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How to make a tenant want to leave?

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Technically, you may advise your renter to pack his or her belongings and go, even if it means scribbling the message on a snotty piece of scrap paper and having your mother deliver it!

But I’m assuming you’re actually curious about the following:

  1. Is it lawful for you to ask your renter to leave?
  2. If that’s the case, how do you notify your renter to vacate?
  3. What happens if he or she refuses to leave?
  4. Am I correct?

Is it lawful for you to ask your renter to leave?

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There is no legislation prohibiting you from merely “asking” your renter to leave. Your renter, on the other hand, may have legal reasons to reject your request and stay on the premises, so it’s a good idea to figure out where you stand first and what amount of notice required.

So, let’s go through the two most common situations in which landlords may “issue notice”:

Mutual termination/surrender tenancy: evicting your renter does not necessarily have to be a bloodbath, but it often is! When a thoughtful and reasonable approach is used, it is entirely common to terminate tenancies before the expiry date in a friendly way without rent arrears through tenancy agreements. Many tenancies end due to mutual agreement, in which both parties agree to simply “surrender” the tenancy.

If the landlord or real estate has a legitimate cause for forcing the tenant to leave, for example, not paying rent all that is required is an open and honest discussion to agree to a mutual termination.

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If you’re in the midst of a fixed lease and want your renter to leave as soon as possible, a mutual termination seems to be your only choice. Basically, your renter must agree to go, or you will have to wait until the end of the tenancy or fixed-term tenancy.

Eviction: You may serve a Section 8 eviction notice if your tenant has broken the conditions of the lease and therefore given you grounds for eviction (for example, if your tenant has fallen behind on rent as per the lease agreement). Even under these dire circumstances, you would aim for a mutual termination if at all feasible, since it is nearly usually less messy.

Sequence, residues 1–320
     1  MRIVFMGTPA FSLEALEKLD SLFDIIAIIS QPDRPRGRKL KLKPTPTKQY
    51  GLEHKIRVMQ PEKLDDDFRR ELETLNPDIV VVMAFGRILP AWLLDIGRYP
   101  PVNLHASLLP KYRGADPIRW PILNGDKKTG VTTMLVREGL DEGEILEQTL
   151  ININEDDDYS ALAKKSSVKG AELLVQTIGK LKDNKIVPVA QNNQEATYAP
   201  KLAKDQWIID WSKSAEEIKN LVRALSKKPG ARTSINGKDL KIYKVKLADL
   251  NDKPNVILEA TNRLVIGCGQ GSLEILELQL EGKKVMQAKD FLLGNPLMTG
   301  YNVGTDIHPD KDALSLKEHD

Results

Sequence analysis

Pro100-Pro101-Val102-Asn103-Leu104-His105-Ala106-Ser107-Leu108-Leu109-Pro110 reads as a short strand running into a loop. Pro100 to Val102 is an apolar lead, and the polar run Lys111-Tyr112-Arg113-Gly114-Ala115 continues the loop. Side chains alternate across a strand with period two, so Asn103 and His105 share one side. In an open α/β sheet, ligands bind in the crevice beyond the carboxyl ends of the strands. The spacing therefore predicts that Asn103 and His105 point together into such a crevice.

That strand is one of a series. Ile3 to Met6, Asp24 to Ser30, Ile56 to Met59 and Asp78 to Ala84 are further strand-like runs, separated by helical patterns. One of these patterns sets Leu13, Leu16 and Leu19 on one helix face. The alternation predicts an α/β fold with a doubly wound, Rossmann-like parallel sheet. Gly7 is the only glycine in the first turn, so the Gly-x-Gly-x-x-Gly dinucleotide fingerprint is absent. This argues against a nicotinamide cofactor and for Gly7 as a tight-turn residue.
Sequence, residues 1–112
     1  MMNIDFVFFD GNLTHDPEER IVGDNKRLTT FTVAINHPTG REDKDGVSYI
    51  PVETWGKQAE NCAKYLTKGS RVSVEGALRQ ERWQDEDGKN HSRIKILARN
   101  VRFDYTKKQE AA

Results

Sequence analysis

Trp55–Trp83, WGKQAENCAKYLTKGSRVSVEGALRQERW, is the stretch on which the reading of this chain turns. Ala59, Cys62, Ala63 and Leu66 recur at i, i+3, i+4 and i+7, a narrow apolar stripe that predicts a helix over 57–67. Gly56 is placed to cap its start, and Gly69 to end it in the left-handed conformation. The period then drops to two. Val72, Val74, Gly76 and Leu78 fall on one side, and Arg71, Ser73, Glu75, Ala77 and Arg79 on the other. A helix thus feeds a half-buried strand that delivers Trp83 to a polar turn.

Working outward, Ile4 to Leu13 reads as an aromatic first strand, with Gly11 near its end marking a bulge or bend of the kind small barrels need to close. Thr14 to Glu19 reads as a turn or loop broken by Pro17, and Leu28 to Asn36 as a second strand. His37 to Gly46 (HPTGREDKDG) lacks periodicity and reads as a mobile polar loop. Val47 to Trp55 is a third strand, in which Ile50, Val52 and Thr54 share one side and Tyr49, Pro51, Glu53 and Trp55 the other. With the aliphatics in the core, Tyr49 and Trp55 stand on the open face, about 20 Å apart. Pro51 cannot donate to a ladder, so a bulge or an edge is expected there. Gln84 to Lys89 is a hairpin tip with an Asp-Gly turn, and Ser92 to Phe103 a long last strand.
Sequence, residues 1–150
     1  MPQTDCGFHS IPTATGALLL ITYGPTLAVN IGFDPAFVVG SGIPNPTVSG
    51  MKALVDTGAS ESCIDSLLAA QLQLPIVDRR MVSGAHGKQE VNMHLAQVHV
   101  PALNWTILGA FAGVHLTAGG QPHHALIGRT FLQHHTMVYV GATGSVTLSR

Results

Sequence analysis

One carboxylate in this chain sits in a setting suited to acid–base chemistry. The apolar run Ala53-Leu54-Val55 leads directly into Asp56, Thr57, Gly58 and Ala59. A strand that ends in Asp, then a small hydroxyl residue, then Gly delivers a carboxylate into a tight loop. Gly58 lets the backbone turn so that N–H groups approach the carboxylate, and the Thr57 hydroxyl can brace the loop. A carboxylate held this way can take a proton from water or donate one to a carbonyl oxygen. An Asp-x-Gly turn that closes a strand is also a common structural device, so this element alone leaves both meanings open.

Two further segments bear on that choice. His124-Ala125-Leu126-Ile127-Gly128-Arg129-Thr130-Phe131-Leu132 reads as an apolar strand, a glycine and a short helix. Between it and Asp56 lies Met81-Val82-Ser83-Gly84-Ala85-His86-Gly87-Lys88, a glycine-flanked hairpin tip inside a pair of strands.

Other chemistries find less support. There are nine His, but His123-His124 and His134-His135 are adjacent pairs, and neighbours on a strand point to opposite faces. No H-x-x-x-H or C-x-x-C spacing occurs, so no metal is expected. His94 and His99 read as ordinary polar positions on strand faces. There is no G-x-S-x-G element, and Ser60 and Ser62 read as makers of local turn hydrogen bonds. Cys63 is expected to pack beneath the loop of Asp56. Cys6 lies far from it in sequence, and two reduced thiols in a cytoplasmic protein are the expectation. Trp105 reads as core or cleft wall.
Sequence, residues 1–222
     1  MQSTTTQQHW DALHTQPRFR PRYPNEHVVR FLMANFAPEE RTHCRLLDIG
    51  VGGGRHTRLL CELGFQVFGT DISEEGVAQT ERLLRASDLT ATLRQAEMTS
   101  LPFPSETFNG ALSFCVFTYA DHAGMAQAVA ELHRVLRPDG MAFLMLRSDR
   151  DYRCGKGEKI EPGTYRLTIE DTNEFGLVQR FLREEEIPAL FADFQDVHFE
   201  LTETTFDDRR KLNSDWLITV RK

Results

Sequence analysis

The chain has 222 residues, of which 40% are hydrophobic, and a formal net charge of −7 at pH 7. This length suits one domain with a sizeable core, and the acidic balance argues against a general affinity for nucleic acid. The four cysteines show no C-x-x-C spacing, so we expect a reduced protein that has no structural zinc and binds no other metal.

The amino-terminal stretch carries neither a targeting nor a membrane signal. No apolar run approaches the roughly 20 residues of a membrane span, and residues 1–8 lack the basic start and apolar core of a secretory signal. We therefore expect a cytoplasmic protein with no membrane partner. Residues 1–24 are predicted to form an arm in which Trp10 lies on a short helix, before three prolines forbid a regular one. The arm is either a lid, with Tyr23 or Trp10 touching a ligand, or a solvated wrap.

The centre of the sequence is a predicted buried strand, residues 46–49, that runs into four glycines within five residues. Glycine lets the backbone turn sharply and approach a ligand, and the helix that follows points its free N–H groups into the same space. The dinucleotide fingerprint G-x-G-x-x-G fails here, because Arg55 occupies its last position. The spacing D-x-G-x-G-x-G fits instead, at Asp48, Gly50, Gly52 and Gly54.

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If you’re still in a fixed-term lease that’s about to expire, you may ask your tenant to vacate by serving them with a section 21 notice, as long as you give them at least two months’ notice. You only need to provide one month’s notice if your tenancy is periodic (a tenancy becomes “periodic” after the set term if no new contract is signed) and you get rent on a monthly basis before you leave the property.

How do you inform your renter that he or she must vacate?

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Regardless of whether you’re in the midst of a fixed tenancy or not, the best way is to set up a meeting in person or over the phone to have an honest and open discussion:

  • Explain why you want them to go in a tactful manner.
  • Be thoughtful and compassionate;
  • Allow as much time as possible for them to prepare;
  • Make every effort to be accommodating;
  • Assure them that they have done nothing wrong and that the evidence is merely circumstantial.

After the conversation, your renter will either understand and cooperate, or they may drag their feet and perhaps give you hell.

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If you and your tenant have decided to mutually terminate the lease (because you want them to go before the end date), you should either email them or write them a letter by recorded delivery outlining what you’ve agreed to, including the termination date (i.e. when the tenant has agreed to vacate).

Even if you don’t get along, I’d attempt to have a “honest conversation” by following the principles above. However, if that fails (which is probable given your strained relationship), he or she may serve a Section 21 or 8 notice, depending on which is most appropriate.

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As a general rule, serving a Section 21 eviction notice is always easier and cleaner, because it informs the tenant that you do not wish to continue the tenancy after the contracted end date, so the landlord will always have ‘mandatory grounds for possession,’ unlike serving a Section 8 eviction notice, which can be challenged by the tenant and result in a long and drawn-out eviction process.

So, although though Section 8 is intended to evict renters in violation, if you have three months until the end of the lease with a tenant who has violated the tenancy’s T&Cs, it may be worth serving a Section 21 instead of Section 8. The truth is that removing your renter takes considerably longer than 3 months if he or she fights you and refuses to accept your eviction reasons!

What if your renter refuses to vacate the premises?

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Unfortunately, there is no one-size-fits-all answer, and the best course of action is generally determined by the specific circumstances. The only sound advice I can give you is to avoid acting on emotion and to avoid taking things into your own filthy little hands since this is a certain way to undermine your position and transfer authority over to your renters.

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Whatever you choose to do, be sure you stay within the bounds of the law. One of the most common errors landlords do in these circumstances is to start ‘harassing’ their tenants with a torrent of text messages and phone calls without realising it, giving the renter a counter-claim. Please stay away!

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